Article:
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A true root mean square (RMS) multimeter is a measurement device that measures the effective level of alternating current (AC) or voltage. Root mean square is a mathematical term that suggests effective level. Other multimeters may be designed to measure just the average level. For power computations, the true RMS multimeter provides the correct voltage or current level.
Several units can be used when measuring voltage. Direct current (DC) is simple because there the only unit is the volts direct current (VDC). A 12 VDC power supply will provide 12 VDC. AC refers to voltage levels of sinusoidal waveforms commonly referred to as sine waves. A 60 cycle per second (cps) or hertz (Hz) sine wave takes a 0.0167 second to make one cycle, which means the polarity peaks at opposite every 0.0083 second.
The true RMS voltage of electrical utility gives about 110 volts alternating current (VAC). This is equivalent to about 155.6 volts peak (V-Pk). The true RMS level is defined as 0.707 of the peak level for a pure sine wave. When the waveform is not a pure sine wave, the relationship between peak and RMS will not be a scale of 1:0.707.
There is a simple relationship between the VDC and the volts root mean square (Vrms). If 1 VDC and 1 Vrms were fed into a resistive load, the amount of power being delivered is the same. It should be noted that 1 VDC is steady instantaneous voltage, while 1 Vrms is referenced to a time-changing voltage. The words multimeter and multitester are used interchangeably, but a multimeter is used for metering or measurement, while a multitester is used for testing. Some manufacturers may argue that testers may be used just to affirm the presence or absence of voltage or current, while meters are used to measure the actual levels.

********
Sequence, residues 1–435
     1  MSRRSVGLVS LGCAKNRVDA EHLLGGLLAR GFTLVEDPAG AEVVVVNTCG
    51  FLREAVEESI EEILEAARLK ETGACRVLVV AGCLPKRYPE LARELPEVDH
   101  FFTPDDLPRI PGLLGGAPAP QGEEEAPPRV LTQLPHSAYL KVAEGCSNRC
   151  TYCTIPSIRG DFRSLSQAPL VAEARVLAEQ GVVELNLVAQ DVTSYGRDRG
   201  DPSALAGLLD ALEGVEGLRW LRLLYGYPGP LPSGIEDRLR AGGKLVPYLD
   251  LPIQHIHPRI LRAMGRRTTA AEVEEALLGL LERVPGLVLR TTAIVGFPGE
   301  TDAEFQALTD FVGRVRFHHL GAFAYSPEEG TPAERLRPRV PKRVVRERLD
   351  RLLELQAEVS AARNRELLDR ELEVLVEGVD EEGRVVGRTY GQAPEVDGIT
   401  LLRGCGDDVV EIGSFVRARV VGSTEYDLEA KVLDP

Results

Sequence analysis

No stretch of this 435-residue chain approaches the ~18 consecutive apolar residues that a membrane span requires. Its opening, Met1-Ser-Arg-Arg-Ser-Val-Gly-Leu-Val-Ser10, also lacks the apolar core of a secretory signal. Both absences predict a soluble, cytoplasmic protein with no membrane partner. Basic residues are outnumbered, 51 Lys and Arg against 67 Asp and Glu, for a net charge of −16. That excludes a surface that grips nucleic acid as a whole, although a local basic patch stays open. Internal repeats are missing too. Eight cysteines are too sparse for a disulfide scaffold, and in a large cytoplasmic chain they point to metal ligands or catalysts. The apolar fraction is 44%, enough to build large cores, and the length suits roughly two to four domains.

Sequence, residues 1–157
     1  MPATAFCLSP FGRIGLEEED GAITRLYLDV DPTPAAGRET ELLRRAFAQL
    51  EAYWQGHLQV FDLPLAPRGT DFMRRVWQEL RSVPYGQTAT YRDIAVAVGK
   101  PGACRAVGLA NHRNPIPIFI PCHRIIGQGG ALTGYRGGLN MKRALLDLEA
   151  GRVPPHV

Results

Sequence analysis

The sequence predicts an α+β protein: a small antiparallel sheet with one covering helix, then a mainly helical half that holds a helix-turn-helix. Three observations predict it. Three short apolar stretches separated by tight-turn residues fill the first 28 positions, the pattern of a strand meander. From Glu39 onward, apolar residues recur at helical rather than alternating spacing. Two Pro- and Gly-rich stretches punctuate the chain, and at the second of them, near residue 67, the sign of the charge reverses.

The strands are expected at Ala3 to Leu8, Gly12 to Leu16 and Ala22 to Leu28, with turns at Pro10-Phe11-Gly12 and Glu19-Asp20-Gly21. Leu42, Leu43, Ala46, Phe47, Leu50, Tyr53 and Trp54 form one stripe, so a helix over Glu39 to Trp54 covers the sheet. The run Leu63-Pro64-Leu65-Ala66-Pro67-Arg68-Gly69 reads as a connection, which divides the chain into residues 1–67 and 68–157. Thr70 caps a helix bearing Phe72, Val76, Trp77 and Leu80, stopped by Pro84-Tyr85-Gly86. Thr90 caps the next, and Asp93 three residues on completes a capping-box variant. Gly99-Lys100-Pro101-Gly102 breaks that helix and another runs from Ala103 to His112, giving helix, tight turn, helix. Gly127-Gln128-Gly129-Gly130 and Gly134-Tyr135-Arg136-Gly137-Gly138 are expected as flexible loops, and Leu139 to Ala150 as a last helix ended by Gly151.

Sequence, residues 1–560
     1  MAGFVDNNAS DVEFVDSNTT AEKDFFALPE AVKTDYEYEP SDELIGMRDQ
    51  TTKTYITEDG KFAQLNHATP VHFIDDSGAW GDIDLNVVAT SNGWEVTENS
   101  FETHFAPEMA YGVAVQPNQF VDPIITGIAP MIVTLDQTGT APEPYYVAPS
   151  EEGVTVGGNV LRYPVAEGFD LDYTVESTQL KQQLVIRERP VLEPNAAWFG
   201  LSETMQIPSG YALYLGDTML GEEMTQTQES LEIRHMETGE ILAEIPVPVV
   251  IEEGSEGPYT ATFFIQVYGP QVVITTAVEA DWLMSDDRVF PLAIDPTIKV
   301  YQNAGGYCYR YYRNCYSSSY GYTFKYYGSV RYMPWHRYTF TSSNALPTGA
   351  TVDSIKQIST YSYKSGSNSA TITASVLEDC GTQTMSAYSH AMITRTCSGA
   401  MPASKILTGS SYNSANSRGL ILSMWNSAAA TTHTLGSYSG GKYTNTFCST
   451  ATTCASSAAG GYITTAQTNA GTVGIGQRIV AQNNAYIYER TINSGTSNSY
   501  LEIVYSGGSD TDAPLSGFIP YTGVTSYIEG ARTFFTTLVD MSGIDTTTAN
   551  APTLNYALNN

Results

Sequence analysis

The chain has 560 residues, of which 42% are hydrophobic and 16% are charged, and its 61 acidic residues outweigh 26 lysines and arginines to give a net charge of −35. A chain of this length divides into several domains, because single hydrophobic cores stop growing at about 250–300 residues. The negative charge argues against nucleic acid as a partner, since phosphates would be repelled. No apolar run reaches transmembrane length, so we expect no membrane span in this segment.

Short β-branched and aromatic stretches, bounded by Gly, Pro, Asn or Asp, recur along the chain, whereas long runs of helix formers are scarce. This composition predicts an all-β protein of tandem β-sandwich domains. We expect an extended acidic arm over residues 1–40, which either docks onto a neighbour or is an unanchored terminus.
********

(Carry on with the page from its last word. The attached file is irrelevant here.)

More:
Besides power applications, a true RMS multimeter may be used in frequencies much higher than 60 Hz. Audio RMS meters measure sound voltages at various test frequencies in sound laboratories. Even in frequencies higher than audio, in ultrasonics, a true RMS multimeter is used for the calibration and maintenance of high-accuracy equipment, such as ultrasonic ranging used in submarines.
There are numerous radio frequency (RF) applications of RMS meters. In component-level troubleshooting, technicians use the RF RMS meter to measure voltages that are more than about 500 million cps. The readings provide performance indications or help isolate a faulty component. The true RMS multimeter is useful at a work site, at the repair workshop, and in research and development (R&D) laboratories.
@NathanG - I am neither an electrician nor an engineer. However I do work for a software company that caters to the electrical utilities.
We hook up our software to relay test set equipment and have to take measurements about how the relays are doing with the different current loads.
We hook up a true rms multi meter to the test set and read the measurements off that device. I write down the results and hand them to our lead electrical engineer who understands that stuff a lot better than I can.
I suppose multi meters are definitely the device to get if you’re measuring AC and DC volts. However, if you just needed to measure DC alone, then you can get by with a single DC volt meter that will probably be cheaper and easier to read than the multi meter.
I believe electrical technicians use the multi meters a lot in their work, as would electrical engineers to. When you’re reading the multi meter you need to know more than how to read the numbers. You should understand the waveforms and what they mean if you’re going to understand the results you get back.
As the article points out, AC voltage peaks and cycles, so you need to understand that to use the device.
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